meaning of the term "permutation" used in combinatorics. In this
more general sense, permutations are those sequences in which, as
before, each element occurs at most once, but not all elements of
the given set need to be used.
For a related notion in which the ordering of the
selected elements form a set, for which the ordering is irrelevant,
see Combination.
In group theory
In group theory and related areas, the elements of a permutation need not be arranged in a linear order, or indeed in any order at all. Under this refined definition, a permutation is a bijection from a finite set onto itself. This allows for the definition of groups of permutations; see Permutation group.Counting permutations
In this section only, the traditional definition from combinatorics is used: a permutation is an ordered sequence of elements selected from a given finite set, without repetitions, and not necessarily using all elements of the given set. For example, given the set of letters , some permutations are RING, RICE, NICER, REIGN and CRINGE, but also RNCGI – the sequence need not spell out an existing word. ENGINE, on the other hand, is not a permutation, because it uses the elements E and N twice.If n denotes the size of the set – the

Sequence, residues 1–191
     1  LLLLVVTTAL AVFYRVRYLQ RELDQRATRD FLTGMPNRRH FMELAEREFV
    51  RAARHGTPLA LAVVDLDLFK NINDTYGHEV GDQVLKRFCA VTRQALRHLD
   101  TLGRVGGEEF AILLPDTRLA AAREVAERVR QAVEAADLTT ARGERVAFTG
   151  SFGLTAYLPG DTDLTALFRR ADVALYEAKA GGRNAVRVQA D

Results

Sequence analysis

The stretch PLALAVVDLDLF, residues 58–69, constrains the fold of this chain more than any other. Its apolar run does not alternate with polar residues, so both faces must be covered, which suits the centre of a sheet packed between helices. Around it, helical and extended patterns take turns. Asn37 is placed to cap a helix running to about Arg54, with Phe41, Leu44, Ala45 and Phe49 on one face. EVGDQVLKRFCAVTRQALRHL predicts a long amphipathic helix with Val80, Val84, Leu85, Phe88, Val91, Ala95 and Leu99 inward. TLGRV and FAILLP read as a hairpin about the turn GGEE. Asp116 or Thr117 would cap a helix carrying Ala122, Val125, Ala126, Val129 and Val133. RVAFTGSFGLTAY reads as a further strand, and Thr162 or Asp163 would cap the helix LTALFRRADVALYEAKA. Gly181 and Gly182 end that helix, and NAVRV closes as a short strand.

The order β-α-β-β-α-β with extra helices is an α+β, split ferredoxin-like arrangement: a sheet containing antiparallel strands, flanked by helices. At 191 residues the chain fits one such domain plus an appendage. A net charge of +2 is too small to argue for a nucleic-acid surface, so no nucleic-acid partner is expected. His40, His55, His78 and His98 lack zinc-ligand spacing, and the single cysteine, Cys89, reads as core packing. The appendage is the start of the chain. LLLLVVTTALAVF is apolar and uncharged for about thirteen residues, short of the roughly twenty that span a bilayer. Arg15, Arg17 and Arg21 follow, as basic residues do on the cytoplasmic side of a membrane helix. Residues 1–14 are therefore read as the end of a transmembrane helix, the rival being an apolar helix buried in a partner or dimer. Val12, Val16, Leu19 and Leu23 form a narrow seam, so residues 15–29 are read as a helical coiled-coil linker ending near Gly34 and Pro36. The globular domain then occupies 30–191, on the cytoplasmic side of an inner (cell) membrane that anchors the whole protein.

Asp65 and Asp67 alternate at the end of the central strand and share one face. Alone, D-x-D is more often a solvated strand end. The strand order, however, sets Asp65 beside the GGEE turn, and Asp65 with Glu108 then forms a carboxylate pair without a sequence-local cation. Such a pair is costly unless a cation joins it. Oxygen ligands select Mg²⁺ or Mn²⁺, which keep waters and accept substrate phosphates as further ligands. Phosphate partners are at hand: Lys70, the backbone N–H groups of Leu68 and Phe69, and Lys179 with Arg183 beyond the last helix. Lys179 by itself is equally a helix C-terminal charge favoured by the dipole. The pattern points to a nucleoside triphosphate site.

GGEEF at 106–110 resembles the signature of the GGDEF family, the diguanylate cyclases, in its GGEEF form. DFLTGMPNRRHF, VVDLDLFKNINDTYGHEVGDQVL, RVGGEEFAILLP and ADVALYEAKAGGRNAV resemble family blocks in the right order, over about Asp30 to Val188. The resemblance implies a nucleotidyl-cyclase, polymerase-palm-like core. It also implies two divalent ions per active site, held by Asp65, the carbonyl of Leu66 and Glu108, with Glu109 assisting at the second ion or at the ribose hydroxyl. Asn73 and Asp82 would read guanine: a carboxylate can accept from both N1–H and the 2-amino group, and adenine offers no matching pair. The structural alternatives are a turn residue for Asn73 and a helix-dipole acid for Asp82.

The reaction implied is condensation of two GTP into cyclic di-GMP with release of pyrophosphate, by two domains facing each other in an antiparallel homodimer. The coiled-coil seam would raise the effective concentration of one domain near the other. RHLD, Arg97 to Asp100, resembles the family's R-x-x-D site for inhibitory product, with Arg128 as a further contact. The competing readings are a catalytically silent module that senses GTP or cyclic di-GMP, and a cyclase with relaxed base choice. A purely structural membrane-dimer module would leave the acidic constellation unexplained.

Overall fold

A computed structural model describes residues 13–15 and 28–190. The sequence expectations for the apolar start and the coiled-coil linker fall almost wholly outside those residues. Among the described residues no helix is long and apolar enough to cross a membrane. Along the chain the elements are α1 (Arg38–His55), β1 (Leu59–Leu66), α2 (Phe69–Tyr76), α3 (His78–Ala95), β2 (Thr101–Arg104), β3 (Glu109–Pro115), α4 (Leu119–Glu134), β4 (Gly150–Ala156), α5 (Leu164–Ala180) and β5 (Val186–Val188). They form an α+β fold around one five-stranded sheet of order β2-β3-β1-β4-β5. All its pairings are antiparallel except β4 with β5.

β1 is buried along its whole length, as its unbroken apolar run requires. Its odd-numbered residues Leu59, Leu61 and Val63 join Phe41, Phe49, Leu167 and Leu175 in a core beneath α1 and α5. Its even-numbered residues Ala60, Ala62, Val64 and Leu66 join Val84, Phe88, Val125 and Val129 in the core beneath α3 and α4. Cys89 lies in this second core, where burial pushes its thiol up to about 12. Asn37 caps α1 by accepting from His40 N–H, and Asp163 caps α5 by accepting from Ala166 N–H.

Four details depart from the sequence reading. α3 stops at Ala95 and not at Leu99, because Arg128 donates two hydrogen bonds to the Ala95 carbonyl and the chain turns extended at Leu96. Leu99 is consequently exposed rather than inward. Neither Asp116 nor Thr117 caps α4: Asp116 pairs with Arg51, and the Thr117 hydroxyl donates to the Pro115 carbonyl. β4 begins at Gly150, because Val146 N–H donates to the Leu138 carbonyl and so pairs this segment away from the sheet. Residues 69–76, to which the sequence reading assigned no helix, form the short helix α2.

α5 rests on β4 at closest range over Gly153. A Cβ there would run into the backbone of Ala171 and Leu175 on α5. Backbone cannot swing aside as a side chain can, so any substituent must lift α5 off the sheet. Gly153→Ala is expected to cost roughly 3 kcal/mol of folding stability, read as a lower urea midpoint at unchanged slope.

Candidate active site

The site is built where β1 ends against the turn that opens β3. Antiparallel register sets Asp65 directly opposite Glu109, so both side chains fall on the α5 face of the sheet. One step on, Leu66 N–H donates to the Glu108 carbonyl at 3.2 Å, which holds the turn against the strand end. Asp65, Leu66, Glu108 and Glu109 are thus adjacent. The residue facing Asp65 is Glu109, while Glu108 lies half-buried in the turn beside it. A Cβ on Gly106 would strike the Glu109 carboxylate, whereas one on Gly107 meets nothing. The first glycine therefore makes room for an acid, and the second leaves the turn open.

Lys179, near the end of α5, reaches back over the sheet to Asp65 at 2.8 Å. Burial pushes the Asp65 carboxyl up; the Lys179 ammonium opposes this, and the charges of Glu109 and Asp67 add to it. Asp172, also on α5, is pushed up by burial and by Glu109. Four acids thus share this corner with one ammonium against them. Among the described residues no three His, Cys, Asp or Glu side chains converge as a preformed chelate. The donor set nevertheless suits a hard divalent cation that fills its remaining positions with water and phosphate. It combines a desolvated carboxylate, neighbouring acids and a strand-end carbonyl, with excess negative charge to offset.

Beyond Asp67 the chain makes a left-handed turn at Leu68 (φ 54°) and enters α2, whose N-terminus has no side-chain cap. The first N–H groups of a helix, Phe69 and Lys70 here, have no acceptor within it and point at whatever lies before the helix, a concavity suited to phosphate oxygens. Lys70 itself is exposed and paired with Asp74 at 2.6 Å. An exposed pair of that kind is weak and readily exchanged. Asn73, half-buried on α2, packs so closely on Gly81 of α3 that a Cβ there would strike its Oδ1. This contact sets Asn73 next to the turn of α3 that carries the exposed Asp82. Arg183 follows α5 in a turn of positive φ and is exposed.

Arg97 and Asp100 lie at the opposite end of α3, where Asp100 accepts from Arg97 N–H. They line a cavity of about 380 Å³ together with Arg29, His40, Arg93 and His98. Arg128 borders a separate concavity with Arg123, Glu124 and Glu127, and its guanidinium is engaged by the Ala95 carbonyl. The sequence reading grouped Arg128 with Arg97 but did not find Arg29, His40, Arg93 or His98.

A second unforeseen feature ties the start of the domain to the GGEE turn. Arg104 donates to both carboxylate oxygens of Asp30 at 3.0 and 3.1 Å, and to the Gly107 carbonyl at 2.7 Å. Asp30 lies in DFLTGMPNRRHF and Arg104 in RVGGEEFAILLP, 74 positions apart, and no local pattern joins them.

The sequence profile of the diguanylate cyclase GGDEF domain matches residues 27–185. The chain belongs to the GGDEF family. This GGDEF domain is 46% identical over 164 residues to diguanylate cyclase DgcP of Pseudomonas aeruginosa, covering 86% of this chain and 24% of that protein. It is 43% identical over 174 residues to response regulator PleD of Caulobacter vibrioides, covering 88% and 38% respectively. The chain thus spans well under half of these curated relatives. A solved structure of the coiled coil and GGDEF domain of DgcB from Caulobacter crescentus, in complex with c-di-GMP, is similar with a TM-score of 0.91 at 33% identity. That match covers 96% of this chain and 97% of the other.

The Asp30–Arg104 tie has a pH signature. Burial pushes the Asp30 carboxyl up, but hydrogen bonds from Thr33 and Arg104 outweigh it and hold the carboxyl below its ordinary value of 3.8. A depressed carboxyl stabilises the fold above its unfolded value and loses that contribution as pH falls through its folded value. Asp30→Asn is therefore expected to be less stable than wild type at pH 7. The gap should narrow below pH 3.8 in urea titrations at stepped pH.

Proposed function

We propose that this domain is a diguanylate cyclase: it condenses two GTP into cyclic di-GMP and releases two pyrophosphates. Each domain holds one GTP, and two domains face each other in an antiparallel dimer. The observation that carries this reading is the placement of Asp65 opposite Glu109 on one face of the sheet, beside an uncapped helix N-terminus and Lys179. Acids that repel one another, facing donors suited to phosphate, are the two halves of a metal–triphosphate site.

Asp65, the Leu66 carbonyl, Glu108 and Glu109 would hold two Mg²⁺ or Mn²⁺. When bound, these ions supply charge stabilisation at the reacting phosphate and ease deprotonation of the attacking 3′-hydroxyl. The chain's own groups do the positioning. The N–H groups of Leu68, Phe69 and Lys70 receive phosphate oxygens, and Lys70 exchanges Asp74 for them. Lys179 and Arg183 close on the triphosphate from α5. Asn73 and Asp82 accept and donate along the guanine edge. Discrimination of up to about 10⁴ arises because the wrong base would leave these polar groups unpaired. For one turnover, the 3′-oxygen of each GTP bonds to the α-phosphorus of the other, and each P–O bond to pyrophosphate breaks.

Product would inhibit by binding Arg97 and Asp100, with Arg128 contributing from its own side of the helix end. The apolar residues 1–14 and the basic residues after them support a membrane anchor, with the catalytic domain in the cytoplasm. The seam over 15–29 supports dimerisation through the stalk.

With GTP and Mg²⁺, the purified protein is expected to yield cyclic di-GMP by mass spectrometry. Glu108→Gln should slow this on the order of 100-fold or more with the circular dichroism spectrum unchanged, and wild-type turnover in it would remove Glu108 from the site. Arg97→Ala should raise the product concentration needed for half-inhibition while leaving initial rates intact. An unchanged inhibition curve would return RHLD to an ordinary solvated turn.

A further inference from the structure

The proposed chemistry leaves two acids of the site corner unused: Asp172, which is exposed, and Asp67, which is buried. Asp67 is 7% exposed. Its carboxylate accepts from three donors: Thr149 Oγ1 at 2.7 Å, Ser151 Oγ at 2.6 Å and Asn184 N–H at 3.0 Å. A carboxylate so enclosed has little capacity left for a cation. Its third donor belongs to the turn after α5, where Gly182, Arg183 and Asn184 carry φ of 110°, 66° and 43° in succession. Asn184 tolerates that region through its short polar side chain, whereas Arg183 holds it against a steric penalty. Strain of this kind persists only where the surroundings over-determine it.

number of elements available for selection – and only permutations
are considered that use all n elements, then the total
number of possible permutations is equal to n!, where "!" is the
factorial operator.
This can be shown informally as follows. In constructing a
permutation, there are n possible choices for the first
element of the sequence. Once it has been chosen, elements are
left, so for the second element there are only possible choices.
For the first two elements together, that gives us
 n × (n − 1) possible permutations.
 n × (n − 1) × (n − 2) possible permutations.
 n × (n − 1) × (n − 2) × ... × 2.
 n × (n − 1) × (n − 2) × ... × 2 × 1
In general the number of permutations is denoted
by P(n, r), nPr, or sometimes P_r^n, where:
 n is the number of elements available for selection, and
 r is the number of elements to be selected (0 ≤ r ≤ n).
For the case where it has just been
shown that . The general case is given by the formula:
 P(n, r) = \frac.
 P(n, r) = n × (n − 1) × (n − 2) × ... × (n − r + 1).
 n! = n × (n − 1) × (n − 2) × ... × 2 × 1
 = n × (n − 1) × (n − 2) × ... × (n − r + 1) × (n − r) × ... × 2 × 1
 = P(n, r) × (n − r) × ... × 2 × 1
 = P(n, r) × (n − r)!.
For example, if there is a total of 10 elements
and we are selecting a sequence of three elements from this set,